A masterpiece for some, an overestimated film for others, Haxan, Witchcraft through the ages has been the subject of much ink since 1922, when it was released. Potemkin re-releases the film in a beautiful DVD / Blu-Ray combo box. No less than three versions are compiled there, with different musics and multiple comments, including one by William Burroughs and the other by Jean-Pierre Kalfon.
Directed by the Dane Benjamin Christensen, co-produced with Sweden, the work bears witness to the inventiveness of the nascent Nordic cinema, which Carl Théodore Dreyer embodied even more at the same time. 1922, that is, the release of Nosferatu de Murnau, German Expressionism, a series of fantastic films in which Haxan is identified, by its subject, in addition to its “documentary” form.
Haxan opens with a somewhat scholarly introduction, but beautifully illustrated, explaining the origins of the supernatural in human consciousness, which includes the belief in demons and other witchcraft in which a conception of the world takes part. Then the film reconstitutes by successive short stories the history of the Inquisition established in the 12th century by Spain and repeated everywhere in Europe until the beginning of the 18th century.
Who were the witches, their clients / patients, how their trials, tortures and executions unfolded… So many aspects evoked in the historical reconstruction, based on the minutes of trials, testimonies and engravings of the eras crossed, over more than five centuries. Vast undertaking, which Christensen brings to life wonderfully. The reconstructed Sabbath is a major piece of world cinema. He dwells on the Loudun affair where a convent was taken of collective demonic possession in the 17th century, then lapsed into psychoanalysis.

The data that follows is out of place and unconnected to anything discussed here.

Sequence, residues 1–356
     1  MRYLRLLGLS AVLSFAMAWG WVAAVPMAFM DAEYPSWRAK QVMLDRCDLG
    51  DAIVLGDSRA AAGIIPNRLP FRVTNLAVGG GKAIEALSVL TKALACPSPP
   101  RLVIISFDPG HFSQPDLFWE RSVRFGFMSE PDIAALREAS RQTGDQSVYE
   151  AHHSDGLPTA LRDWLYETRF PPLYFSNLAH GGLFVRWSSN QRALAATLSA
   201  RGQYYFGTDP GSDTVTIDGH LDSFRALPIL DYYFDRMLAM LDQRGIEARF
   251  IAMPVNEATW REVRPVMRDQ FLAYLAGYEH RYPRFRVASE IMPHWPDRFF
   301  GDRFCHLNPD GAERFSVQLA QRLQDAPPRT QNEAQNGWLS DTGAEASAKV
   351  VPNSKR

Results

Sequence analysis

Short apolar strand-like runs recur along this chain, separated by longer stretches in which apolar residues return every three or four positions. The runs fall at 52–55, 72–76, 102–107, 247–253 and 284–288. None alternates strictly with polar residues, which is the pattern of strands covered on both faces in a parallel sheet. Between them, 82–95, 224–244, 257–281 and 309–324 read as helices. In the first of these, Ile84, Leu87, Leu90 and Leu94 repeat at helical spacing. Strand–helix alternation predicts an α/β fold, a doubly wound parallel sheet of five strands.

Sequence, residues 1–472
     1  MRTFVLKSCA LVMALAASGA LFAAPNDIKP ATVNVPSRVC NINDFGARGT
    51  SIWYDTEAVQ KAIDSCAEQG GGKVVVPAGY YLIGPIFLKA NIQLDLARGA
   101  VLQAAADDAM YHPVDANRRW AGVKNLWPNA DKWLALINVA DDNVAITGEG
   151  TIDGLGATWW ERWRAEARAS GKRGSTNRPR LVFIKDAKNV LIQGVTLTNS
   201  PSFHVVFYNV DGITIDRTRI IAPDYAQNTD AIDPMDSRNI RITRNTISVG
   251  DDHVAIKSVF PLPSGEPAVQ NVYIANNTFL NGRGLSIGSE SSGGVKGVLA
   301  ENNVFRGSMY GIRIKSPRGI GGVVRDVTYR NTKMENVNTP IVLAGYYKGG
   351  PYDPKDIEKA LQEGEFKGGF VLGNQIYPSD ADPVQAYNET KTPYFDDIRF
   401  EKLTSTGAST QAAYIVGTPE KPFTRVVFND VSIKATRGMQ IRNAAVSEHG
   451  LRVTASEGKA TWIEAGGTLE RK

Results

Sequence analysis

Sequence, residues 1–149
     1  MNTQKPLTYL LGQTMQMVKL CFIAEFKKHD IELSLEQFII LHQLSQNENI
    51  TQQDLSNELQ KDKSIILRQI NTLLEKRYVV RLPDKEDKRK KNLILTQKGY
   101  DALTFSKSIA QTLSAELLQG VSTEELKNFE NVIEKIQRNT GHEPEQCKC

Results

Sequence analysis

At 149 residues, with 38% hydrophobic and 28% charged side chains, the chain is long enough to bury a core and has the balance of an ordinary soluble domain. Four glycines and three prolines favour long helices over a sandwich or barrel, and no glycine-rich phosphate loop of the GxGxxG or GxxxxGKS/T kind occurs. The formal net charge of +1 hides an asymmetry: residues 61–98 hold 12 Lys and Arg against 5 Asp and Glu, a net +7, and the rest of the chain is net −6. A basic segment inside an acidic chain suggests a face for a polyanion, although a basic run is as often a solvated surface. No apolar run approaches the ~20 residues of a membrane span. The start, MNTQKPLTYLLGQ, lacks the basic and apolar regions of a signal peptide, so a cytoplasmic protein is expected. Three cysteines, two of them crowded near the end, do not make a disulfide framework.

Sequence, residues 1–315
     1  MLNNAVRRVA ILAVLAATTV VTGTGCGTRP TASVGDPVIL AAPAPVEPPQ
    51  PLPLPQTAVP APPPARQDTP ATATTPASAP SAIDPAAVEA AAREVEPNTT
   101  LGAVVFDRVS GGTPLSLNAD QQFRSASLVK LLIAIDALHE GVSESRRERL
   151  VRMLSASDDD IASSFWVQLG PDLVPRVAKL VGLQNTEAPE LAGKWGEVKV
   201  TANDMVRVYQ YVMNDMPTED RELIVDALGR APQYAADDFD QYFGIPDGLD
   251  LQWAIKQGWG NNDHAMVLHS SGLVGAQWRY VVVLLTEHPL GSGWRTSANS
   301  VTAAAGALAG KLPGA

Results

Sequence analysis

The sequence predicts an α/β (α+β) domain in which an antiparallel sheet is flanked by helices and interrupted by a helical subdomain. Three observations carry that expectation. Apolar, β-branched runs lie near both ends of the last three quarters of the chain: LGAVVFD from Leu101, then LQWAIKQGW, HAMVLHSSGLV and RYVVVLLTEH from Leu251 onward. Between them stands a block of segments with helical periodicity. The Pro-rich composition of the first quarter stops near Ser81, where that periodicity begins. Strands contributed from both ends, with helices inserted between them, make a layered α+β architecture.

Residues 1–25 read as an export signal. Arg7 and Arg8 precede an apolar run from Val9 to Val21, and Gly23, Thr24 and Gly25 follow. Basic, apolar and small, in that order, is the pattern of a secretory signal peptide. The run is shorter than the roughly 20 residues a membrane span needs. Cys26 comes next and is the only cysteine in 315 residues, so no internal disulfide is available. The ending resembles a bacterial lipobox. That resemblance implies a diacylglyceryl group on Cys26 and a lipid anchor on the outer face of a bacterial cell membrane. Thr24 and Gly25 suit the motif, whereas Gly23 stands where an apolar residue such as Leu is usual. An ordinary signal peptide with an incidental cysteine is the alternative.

Haxan draws from it the explanation of this murderous madness which made between 500,000 to 100,000 victims, overwhelmingly women. The nascent psychoanalysis at the time of the film (1922) accuses the judges, ecclesiastical or not of the Ancien Régime, of sticking to behaviors since then qualified as hysterical by Charcot, from 1860. The film does not pass. not next to a feminist rehabilitation of all these women victims of a patriarchy which then reaches its peak. Michelet was the precursor in The witch of 1862. The hysteria is moreover as much on the side of the women as of their judges, males, and most of the time clerics.
Haxan is a classic which remains a “curiosa” in its subject, daring, extremely documented, and its images. They evoke Hieronymus Bosch, Nielsen, and 15th century woodcuts. Christensen plays a magnificent devil, with his tongue hanging out, under a hallucinatory mask, humor points his nose and poetry is constant. The shadow theater and magic lanterns are never far away. Loved by surrealists, it is also incredible that William Burroughs recorded a commentary on the film in his wonderful voice. That of Jean-Pierre Kalfon also fits perfectly in one of the three versions. The three musical scores are remarkable, in particular that of Dagerlöff & Galner, unpublished, alongside those of Art Zoïd and Mattie Bye. Esoteric and beautiful, an unmissable goth must.
Haxan – Witchcraft through the ages
Denmark / Sweden, 1922
DVD / Blu-Ray combo box (3 discs)